Once a person is in their mid-twenties, it is likely that the first signs of aging start appearing on their skin.
Fine lines appear in the beginning along with wrinkles, a loss of volume and elasticity become evident over time. Let us talk about the different reasons why we start to show signs of skin aging.
Characteristics of aging skin
You learned that your skin is a very complex organ system with many important functions. You were probably shocked to discover that a person starts to age as early as in their mid-twenties. And you understand that both internal and external factors play a role in skin aging.
How to deal with aging skin
Now, let’s talk about the characteristics of aged skin. How exactly does it change and what makes your skin appear older over time.
Changes in pigment:
The pigment-containing cells within your skin are called melanocytes actually decreases with age. However, the remaining melanocytes increase in size. Over time, large pigmented spots freckles, age spots may appear in sun-exposed areas. While many believe age spots are harmless, age spots on the skin indicate possible oxidative damage occurring in the internal organs also, so they are indeed a cause for concern.
The pigment-producing melanocytes within the hair follicles in the skin are also aging with time. This leads to reduced hair growth and grey hair. The melanocytes become dysfunctional and die. It is theorized that age-related greying may actually be a protective mechanism that eliminates defective melanocyte stem cells before they turn cancerous.
Wrinkles too start appearing as we age and are a common concern. They happen due to degradation and decline in the content of the connective tissue fibers (collagen and elastin) within the skin’s dermal layer. (Collagen provides structure and strength to your skin. Elastin helps the skin stretch and makes it resilient and spring back into place. Unfortunately, they are both quite fragile.)
When wrinkles form, the fibers loosen up, and unravel, making the collagen look irregular and disorganized in older skin. This reduces the skin’s strength, elasticity, and structural support function.
Intrinsic wrinkles are usually fine, shallow, and highlighted near expression lines. Extrinsic wrinkles are found in sun-exposed areas and are also caused by exposure to toxins. They appear as both fine and deep wrinkles. Extrinsic aging can be controlled to a great extent by limiting exposure to ultraviolet light and by not smoking.
Because of the fast decline in estrogen in women around menopause, less oil is produced from the glands. This can make it harder to keep the skin moist, resulting in being dry and itchi.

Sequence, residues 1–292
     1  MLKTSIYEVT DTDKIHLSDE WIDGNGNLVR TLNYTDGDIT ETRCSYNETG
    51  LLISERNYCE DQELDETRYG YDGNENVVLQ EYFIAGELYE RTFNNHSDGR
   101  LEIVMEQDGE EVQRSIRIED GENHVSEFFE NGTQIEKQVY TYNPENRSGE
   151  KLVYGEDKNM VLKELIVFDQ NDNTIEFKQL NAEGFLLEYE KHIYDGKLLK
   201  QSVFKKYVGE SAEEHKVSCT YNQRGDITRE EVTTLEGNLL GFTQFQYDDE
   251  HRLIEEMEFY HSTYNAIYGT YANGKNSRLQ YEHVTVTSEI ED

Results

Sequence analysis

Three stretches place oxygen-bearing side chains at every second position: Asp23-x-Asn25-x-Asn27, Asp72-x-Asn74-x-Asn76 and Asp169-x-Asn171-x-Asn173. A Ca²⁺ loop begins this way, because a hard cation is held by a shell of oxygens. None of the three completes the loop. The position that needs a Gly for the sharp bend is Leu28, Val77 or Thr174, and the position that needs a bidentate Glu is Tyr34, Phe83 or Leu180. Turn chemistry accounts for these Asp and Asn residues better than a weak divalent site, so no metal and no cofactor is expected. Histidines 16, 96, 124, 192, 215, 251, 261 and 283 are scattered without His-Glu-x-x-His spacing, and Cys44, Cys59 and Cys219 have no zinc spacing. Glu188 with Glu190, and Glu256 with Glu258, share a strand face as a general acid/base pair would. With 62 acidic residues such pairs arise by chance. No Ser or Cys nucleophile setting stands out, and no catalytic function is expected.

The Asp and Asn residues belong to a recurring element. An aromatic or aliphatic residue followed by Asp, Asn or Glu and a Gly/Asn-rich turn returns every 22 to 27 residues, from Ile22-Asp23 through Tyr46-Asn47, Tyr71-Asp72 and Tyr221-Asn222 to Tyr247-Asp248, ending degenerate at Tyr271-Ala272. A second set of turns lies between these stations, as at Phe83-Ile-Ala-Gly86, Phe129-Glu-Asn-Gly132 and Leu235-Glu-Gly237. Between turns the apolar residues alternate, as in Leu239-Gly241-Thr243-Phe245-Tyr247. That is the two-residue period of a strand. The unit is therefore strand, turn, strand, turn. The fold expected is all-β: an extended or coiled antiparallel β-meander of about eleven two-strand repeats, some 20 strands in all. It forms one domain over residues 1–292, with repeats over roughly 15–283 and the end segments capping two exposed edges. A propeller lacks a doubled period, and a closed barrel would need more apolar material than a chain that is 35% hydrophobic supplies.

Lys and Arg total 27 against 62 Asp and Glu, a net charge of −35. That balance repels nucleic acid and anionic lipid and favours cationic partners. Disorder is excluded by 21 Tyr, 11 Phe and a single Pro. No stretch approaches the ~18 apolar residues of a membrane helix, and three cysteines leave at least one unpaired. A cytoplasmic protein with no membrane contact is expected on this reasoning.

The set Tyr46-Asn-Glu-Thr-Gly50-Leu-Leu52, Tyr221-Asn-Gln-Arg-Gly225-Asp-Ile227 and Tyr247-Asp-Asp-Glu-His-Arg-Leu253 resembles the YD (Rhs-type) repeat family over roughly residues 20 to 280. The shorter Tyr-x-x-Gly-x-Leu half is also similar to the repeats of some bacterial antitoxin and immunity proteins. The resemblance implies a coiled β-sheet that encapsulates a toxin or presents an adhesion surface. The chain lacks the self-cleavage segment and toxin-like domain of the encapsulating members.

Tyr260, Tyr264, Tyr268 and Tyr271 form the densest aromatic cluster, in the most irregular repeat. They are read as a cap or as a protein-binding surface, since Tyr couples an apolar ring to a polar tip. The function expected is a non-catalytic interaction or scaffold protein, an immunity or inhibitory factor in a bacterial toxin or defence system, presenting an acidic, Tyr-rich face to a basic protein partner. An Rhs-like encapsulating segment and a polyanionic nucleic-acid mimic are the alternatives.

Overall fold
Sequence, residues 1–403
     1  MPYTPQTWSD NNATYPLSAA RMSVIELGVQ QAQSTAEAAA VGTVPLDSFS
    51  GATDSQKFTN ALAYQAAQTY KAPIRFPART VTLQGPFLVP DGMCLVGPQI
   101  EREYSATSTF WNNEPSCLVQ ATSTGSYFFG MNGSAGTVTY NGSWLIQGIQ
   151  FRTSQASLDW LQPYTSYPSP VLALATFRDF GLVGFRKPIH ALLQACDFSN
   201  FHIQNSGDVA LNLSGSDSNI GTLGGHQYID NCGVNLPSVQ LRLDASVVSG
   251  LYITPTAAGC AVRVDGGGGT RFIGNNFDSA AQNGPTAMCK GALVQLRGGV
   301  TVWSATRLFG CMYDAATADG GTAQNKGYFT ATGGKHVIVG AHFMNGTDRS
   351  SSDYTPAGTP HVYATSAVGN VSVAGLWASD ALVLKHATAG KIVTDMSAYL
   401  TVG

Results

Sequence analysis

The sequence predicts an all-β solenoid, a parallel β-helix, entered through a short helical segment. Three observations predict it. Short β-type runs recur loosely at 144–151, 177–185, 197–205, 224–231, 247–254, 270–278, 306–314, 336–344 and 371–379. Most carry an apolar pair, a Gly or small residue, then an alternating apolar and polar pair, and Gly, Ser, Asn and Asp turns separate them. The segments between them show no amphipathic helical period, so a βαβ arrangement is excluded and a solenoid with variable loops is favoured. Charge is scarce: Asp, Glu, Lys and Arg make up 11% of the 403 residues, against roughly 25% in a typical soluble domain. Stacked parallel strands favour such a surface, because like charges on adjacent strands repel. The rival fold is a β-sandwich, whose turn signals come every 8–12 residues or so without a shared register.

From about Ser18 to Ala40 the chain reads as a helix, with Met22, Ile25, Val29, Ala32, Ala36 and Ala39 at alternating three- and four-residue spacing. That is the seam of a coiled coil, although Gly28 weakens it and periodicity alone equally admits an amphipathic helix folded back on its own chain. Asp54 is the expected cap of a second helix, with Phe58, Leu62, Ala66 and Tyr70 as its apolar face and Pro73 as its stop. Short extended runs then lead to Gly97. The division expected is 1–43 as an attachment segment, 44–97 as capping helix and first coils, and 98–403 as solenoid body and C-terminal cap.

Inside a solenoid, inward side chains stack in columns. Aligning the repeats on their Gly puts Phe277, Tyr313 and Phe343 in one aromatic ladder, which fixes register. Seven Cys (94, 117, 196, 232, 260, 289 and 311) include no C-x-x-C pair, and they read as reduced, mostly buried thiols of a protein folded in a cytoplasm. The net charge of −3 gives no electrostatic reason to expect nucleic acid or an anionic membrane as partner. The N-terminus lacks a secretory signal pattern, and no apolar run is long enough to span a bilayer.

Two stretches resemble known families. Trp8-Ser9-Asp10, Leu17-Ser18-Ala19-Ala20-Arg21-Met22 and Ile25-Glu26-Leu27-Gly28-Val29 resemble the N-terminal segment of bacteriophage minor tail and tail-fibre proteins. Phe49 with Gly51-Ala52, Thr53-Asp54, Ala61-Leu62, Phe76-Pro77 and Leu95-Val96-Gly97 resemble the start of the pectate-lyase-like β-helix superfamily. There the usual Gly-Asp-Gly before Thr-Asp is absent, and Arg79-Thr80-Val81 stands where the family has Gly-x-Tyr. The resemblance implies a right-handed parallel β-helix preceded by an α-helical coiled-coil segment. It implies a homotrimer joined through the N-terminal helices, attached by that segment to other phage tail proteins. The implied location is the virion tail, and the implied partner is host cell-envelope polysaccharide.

Also, the water content of the skin is also affected, especially due to falling estrogen and thyroid hormones. With aging, the major water-holding component of the skin disappears in the outer epidermis layer and only remains in the dermal layer. Hydration is necessary for the skin to prevent dry, rough skin, help the healing process, and keep your skin moist, soft, and full of volume.
Thinning & sagging:
The gradual loss of skin elasticity in the skin’s dermal layer is what primarily leads to sagging. Facial bone mass decreases and the underlying subcutaneous fat layer also thins over time, causing sagging skin to appear even more prominent. Aging causes the epidermis to thin, too. Decreases in collagen & water content also contribute to the thinning effect.
In addition to cosmetic changes, thinned skin is at increased risk of injury. Rubbing or pulling on the skin can cause skin tears. Thinner skin is also less able to sense touch.
Aging causes the blood vessels of the dermis to become much more fragile and break easily. This leads to bruising, bleeding under the skin. Aging skin repairs itself more slowly than younger skin and wound healing may be up to four times slower. This contributes to more skin infections.
How to prevent wrinkles
• Apply a high resistance sunscreen sparingly before going out and re-apply every two hours while in the day.
• Use hats and protective clothing. UV rays, visible and infrared light even working near sun-drenched windows without protection can age your skin.
• Drink a lot of water: at least 2-3 liters every day. Drink more while traveling, during heavy activity and in hot, dry weather.
• Maintain a cleansing routine. This will wash away excess oil, pollution, make-up and dead skin particles that build up on your skin’s surface throughout the day.
• Moisturize – morning and night. The good moisturizer does more than merely keep your skin hydrated. Moisturizers protect and nourish your skin’s structure and functions. Always choose a good moisturizer that protects and nourishes your skin.
• Choose skin products high in antioxidants. Antioxidants reduce solar damage when used.
• Increase the intake of antioxidants and omega-3 fatty acids. This will help moderate the deleterious impact of sunlight and time on our skin by preventing oxidative damage and inflammation.
• Take 500-1000mg glucosamine daily to support collagen synthesis.
• Stop smoking
• Optimize your hormones. Low hormonal levels will impair your skin’s function and resilience. There are many things you can do to get your hormone levels up and keep them that way long term.
• Get quality sleep. Tiredness shows on our skin: when we are more rested, the skin also starts to glow.